by Morgan Yang
It was with slight trepidation that I embarked on my study of Ancient Greek, for unlike my fellow students, I’ve never studied any ancient language before, not even Latin, but it didn’t take long for me to realize that my fears were misplaced.
Within the warm embrace of the JV team, I started from my alpha beta gammas and slowly moved up to face the many faces of the complex beast, also known as GRAMMAR. It was surprising to see how much progress we had made, from the illiterate ‘this is all Greek to me’ phase to the ‘this is still Greek but I can translate everything I know about it’ phase. Certainly, it would be foolish to think that three weeks and seven units of Hansen and Quinn are sufficient for a beginner to fully grasp a language, but I think the vital thing that we’re learning here is how a language works and how to study it, and that in itself is singularly precious experience.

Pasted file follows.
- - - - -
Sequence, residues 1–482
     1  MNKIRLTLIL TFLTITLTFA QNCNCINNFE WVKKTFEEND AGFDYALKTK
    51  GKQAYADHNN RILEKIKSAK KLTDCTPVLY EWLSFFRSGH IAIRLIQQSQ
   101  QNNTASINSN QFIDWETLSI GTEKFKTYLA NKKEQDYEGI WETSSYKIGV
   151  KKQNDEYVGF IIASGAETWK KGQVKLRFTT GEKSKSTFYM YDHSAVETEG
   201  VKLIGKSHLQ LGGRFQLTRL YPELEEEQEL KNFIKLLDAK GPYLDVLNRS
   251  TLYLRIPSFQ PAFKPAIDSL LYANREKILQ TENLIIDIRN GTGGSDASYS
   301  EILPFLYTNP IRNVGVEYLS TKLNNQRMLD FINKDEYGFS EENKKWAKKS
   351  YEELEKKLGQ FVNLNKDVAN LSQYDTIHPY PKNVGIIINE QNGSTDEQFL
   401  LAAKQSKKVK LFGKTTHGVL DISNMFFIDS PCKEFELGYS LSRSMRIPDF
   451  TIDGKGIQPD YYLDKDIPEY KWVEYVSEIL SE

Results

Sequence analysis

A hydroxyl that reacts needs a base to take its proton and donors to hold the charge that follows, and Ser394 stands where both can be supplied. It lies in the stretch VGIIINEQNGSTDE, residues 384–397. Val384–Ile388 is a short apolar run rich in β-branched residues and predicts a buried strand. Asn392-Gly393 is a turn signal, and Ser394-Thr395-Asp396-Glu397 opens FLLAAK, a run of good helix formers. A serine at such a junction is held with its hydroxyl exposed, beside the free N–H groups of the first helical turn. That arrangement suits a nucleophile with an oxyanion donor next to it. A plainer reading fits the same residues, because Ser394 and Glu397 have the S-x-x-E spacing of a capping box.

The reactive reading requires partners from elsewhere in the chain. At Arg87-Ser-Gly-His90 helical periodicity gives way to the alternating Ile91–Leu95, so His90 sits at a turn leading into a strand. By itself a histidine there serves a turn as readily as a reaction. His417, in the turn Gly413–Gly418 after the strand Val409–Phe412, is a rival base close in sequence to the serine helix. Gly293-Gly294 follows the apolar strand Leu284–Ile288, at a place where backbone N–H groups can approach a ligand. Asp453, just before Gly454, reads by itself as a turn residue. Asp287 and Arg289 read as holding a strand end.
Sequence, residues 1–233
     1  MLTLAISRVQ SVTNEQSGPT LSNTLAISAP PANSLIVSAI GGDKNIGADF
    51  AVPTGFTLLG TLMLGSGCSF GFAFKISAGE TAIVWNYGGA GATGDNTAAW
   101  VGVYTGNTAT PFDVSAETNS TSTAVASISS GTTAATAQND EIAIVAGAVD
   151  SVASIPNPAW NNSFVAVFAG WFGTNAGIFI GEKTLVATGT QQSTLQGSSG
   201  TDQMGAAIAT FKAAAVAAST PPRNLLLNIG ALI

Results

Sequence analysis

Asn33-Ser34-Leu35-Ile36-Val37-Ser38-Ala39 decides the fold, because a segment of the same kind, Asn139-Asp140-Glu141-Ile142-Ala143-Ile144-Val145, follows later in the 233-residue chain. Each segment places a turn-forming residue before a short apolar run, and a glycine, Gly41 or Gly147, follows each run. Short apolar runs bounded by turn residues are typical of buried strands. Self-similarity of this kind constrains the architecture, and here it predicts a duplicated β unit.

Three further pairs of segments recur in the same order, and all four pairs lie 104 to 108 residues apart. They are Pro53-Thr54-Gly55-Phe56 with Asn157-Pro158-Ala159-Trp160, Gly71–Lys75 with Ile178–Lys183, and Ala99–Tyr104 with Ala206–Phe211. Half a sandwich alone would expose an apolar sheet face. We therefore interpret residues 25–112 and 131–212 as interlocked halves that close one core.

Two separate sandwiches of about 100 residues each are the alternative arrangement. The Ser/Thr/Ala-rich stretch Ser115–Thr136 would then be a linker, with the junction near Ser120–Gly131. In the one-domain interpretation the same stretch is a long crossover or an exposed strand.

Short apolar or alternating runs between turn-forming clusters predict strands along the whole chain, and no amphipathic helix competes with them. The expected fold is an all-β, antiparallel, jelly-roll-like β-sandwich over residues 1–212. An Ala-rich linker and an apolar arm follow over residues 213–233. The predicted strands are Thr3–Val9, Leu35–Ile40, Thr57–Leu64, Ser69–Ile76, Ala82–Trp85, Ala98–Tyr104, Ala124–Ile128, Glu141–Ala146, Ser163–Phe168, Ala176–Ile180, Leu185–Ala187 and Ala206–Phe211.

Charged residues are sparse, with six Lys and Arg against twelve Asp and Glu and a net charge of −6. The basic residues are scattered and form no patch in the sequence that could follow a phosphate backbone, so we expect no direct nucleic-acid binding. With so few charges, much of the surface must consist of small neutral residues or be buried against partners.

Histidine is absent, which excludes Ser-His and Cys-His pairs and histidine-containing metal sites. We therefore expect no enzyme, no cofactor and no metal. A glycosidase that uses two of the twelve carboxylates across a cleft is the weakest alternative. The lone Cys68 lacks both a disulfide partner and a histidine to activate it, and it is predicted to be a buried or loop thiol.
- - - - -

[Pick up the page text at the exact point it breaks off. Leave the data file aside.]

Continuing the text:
One thing I really loved was how our activities and studies were scheduled intermittently so that every day we had something to look forward to. Whether it was a shopping trip near Aristotelous Square (with grumpy Aris sulking in his chair), a class on Greek cooking, a visit to an archaeological museum or even just an afternoon hanging out by the seaside, listening to the waves lapping and feeling the sea breeze against your cheek, everything was new and exciting and quite marvelous.
So, in the end, I’d like to thank the Calder family, for making all this possible; I’d like to thank my teachers, Sarah and Collomia, for being amazing people and dealing out their wisdom and insights by the bucketful; I’d like to thank my classmates on this trip who were all awesome friends; and I’d like to thank Victoria, Stamatis and Tryfon, for looking after us and guiding us on our trip. I didn’t know what to expect when I came; I certainly did not expect these three weeks to be some of the best in my life when I left. I will definitely be back someday, Calder Classics; you sure haven’t heard the last from me yet (unsubtle wink).